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Photo courtesy of David Travis.
In August 1961, at age 33, Ted Erikson set an open-water distance record. He swam 43 miles, from Chicago to Michigan City, Indiana, in 36 hours. Since then, Erikson has swum the English Channel, across and back. For almost 40 years, he held the record for swimming 26.4 nautical miles from California’s Farallon Islands to the Golden Gate Bridge.
Now 89, he has slowed down a bit. He still swims in Lake Michigan most mornings, from May to October. But last fall, he noticed his pace was slowing, at a distressing rate. Luckily, one of his swimming pals is a UChicago Medicine cardiologist.
Ted, like many distance swimmers, has had a slow heart rate for years. We urged him to get tested. It showed an irregular heartbeat. We suggested a pacemaker.
Erikson was reluctant at rst, though he was troubled about his loss of swim speed. en he read an article explaining why swimmers often develop a slower heart rate. “at convinced him,” Hofmann-Bowman said.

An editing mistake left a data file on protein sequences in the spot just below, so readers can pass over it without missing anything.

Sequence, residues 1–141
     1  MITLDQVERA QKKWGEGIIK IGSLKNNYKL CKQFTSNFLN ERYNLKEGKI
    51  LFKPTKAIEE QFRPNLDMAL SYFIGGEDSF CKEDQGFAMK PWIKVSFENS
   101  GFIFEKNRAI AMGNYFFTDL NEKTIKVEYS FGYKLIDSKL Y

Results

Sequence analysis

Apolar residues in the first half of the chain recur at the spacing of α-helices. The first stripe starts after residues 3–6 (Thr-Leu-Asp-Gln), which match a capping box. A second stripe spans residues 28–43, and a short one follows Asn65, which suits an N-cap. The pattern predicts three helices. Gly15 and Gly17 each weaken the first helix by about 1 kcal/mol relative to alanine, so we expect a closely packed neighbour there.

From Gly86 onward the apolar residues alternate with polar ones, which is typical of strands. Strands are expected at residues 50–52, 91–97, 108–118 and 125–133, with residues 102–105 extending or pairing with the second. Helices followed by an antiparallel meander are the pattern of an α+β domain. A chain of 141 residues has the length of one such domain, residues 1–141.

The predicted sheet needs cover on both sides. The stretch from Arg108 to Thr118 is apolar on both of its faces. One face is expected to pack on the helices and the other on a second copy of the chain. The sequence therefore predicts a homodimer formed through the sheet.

Thee pacemaker, implanted by electrophysiologist Hemal Nayak, MD, helped immediately. “Ted feels his age,” Hofmann-Bowman said, “but he’s still a marvelous swimmer.”
An expert in cardiac electrophysiology, Hemal M. Nayak, MD, provides care for patients with heart rhythm problems (arrhythmias). He specializes in catheter ablation -- a minimally invasive procedure in which high frequency radio waves are used to eliminate abnormal heart rhythms.Learn more about Dr. Nayak
At the University of Chicago Medicine Center for Arrhythmia Care, we work with each patient to deliver high-quality, personalized care, whether you are seeking a first opinion for your condition or turning to us as a last resort.Learn more about our Center for Arrhythmia Care
After getting short-of-breath, Michael finally went to UChicago Medicine Ingalls Memorial and soon cardiologist Abed Dehnee, MD, diagnosed him with congestive heart failure and identified a blood clot in his lung.